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Old 11-10-2013, 02:45 AM   #1
 
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Default Loosening Curls?

Hi there!

I have mostly 3b hair, however, some areas are 3a. My hair is very thick when it's curly, however, when it's straight it's a lot looser (obviously because there are no curls). I've been wanting to get chemical straightening done, however it's absolutely rubbish for the health of your hair, as are chemical relaxers. I was wanting all over 3a/2c hair, but is this even possible without using any heat? I've looked online EVERYWHERE but I can't seem to find anything. I've come across the milk and honey treatment, but I'm not sure if its just going to make my hair sticky.

If you've done anything to loosen your curls (doesn't have to be permanent) please let me know!

Danielle
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Old 11-10-2013, 03:10 AM   #2
 
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One of the quickest ways to loosen curls (it's permanent) is to use a texturizer, which is basically a chemical relaxer, but weaker so that you retain some curl ... or a regular relaxer can be used but would be left on for a fraction of the usual time. But it will cost you more than the $$ you pay for it. It will probably cost you some of the "health" of your hair. Relaxers tend to dry hair out and can possibly cause other problems. Plus there's no guarantee you (or someone else) will loosen it to the exact curl pattern you want. And well, there's almost always a price to pay for using chemicals.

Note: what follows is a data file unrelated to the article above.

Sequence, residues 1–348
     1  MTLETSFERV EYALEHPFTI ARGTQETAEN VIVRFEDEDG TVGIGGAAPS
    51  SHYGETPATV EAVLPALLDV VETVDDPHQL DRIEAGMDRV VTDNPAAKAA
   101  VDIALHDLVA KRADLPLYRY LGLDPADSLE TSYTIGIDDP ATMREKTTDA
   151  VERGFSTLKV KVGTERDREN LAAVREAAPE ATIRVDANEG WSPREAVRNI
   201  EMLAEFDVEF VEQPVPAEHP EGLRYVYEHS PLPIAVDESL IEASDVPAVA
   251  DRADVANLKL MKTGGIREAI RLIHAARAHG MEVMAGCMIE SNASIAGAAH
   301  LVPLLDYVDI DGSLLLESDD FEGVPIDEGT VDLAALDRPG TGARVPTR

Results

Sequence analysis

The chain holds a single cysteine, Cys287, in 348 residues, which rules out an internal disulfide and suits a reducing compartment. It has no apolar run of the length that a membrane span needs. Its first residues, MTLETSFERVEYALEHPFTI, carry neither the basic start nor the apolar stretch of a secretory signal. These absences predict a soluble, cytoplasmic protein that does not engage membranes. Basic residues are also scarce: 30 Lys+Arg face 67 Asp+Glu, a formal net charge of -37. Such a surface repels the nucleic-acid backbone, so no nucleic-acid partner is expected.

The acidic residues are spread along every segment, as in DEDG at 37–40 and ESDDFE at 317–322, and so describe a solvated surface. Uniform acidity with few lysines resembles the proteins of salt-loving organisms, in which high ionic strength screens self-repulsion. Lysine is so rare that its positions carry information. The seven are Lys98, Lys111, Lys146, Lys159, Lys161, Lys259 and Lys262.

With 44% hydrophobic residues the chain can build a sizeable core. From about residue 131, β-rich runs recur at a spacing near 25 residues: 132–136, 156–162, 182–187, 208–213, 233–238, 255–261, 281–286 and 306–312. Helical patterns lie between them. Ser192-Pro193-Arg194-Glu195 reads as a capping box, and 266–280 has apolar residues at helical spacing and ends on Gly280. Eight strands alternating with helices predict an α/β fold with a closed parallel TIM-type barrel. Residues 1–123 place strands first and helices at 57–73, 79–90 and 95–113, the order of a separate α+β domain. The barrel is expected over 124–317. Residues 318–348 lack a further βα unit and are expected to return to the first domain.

There are some natural methods others may want to share (probably impermanent methods), but I'm more about curl acceptance, having fought against my natural pattern long enough to have gotten sick of the price I had to pay for going against nature, whether it meant too much extra time spent or issues from chemicals or heat damage. (Plus I just love my curls.) Your hair sounds pretty. Maybe you could go to the 3 forum first and see how folks w/3b curls are managing theirs.
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Old 11-10-2013, 03:14 AM   #3
 
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Protein treatments: coconut milk, henna, cassia, milk & honey (honey should not be sticky in hair if it is combined with another ingredient) can loosen hair texture but be careful because too much protein can make hair rigid.

Manual manipulation: chunky twist/braid outs, bantu knots, cocoon curls (my favorite), use of curlformers (oh, wait. that's my favorite too) and certain banding techniques will allow you to set hair to the desired texture
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Old 11-10-2013, 03:38 AM   #4